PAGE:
Is that good enough? It isn’t for Misty. So, why do you tolerate it? What can you do about it?
My advice is to first give thought to the tools of your craft and figure out what will truly help you succeed. There are lots of things that would be nice to have, but those are often distracting shiny objects. I’d start first on the core items that you can’t function without. Do they work properly? Are they up to date? Will they serve you tomorrow and next week, next month, next year? Does your technology match or outpace your ideal customer’s?
Next, I’d start looking for things that will help with efficiency and productivity. What tools of the trade could you have that would provide at least a 10x return in efficiency or productivity? Mobility, lead generation, and organization/time management tools come to mind.
Now that you have a list of needed items and specs that meet your needs, ask for them. Start with sales leadership, consult with IT, marketing, and purchasing, or anyone else that makes the decisions. Also, make this discussion part of your annual review process. You’re going to ask for a raise, right? You also ought to be asking to be outfitted with the best tools for your craft. Make that part of your negotiations.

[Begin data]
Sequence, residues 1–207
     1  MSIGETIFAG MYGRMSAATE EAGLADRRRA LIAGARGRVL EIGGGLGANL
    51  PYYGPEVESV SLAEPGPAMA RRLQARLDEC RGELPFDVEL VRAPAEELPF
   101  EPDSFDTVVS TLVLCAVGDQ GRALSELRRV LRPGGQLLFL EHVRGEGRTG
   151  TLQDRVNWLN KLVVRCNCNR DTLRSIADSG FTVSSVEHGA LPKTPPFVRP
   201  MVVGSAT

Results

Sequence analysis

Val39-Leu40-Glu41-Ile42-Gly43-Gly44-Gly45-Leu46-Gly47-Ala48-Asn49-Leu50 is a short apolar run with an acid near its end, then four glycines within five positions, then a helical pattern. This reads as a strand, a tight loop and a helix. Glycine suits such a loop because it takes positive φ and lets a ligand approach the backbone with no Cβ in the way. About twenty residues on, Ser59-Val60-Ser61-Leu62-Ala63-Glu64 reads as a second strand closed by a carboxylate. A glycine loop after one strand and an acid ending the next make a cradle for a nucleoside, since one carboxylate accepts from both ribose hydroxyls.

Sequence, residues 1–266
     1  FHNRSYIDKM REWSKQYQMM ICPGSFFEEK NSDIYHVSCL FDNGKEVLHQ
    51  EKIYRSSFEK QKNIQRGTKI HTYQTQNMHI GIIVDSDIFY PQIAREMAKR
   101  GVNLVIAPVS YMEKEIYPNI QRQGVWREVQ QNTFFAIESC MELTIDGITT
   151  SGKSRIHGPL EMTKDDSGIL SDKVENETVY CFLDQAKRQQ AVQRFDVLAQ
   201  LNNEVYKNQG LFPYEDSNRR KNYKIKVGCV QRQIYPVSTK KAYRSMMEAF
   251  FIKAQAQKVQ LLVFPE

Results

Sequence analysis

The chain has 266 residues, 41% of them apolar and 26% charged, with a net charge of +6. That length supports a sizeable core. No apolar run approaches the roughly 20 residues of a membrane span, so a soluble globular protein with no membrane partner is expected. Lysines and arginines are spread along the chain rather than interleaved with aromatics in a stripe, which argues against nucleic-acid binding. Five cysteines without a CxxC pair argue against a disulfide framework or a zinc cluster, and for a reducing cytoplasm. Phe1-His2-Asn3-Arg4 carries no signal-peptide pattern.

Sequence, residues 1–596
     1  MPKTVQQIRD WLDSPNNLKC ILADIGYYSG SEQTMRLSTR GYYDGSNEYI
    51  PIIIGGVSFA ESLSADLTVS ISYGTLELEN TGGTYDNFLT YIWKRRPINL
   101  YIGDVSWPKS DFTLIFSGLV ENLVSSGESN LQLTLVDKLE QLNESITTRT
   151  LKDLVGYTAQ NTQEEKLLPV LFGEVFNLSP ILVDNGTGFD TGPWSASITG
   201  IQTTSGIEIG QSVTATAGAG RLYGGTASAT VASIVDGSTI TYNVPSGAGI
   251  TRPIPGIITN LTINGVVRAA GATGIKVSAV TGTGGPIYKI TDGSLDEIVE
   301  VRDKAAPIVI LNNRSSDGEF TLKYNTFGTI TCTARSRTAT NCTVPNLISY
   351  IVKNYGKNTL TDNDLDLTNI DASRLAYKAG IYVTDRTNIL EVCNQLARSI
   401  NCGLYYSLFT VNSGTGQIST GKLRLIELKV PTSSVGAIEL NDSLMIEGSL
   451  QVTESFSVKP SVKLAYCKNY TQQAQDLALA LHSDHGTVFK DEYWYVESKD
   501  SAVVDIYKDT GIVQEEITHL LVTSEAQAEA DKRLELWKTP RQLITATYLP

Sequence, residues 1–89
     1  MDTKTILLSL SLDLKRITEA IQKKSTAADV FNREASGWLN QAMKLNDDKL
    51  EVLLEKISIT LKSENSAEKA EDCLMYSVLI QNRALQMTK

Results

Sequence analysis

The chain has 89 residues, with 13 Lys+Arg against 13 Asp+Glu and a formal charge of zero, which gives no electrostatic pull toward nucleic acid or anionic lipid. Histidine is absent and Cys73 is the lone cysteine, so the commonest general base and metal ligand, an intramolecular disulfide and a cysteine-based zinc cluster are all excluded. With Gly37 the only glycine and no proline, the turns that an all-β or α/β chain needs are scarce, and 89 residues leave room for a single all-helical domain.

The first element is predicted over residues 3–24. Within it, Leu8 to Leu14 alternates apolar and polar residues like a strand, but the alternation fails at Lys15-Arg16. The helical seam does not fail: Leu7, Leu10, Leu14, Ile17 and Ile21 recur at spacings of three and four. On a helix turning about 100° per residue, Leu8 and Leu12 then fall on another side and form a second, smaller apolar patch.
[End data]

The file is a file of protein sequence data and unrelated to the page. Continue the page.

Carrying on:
Now, here’s the deal…you’re going to hear “No” a lot. But you’re used to that, right? You’re in sales! You won’t be phased by that. Ask again, be prepared to show your case. You know the drill.
If you get stonewalled, blocked by red tape, restrained by budget, etc. Well, now you have a choice to make. You know what tools you need, you know how they will help you, you know that average tools won’t cut it, and you have set a benchmark for the standard tools of your trade.
You can whine about it or you can arm yourself with the best tools for your trade. The things that will help you become an expert in your craft. Buy them yourself. Get control of your tools. Carry them with you wherever you go. Set aside a budget each year for updates and upgrades. Invest in yourself and your craft.
Laptop too slow? Go buy a good Lenovo, Mac, or HP. Invest in the best. Want more leads? Subscribe to a service, join a networking group, or pay to upgrade your social media presence. Want faster wi-fi? Get a new device or pay for faster service for your office.
Sales is a profession. Like all professionals, tools are required. Do not rely on others to provide you the tools purchased for average reps. Quit whining, take a page out of Misty’s book and ensure you have the best tools you can afford. Get an arsenal of tools you can depend on that will give you a cutting edge.
Feel free to reach out if you need help to determine the best tools.
(PS- This article was written on a MacBook Pro that I used personal funds to purchase years ago. You will rarely see me without it. It is one of my most powerful tools and it serves me well. My company issued HP laptop is left at work and gets little use.)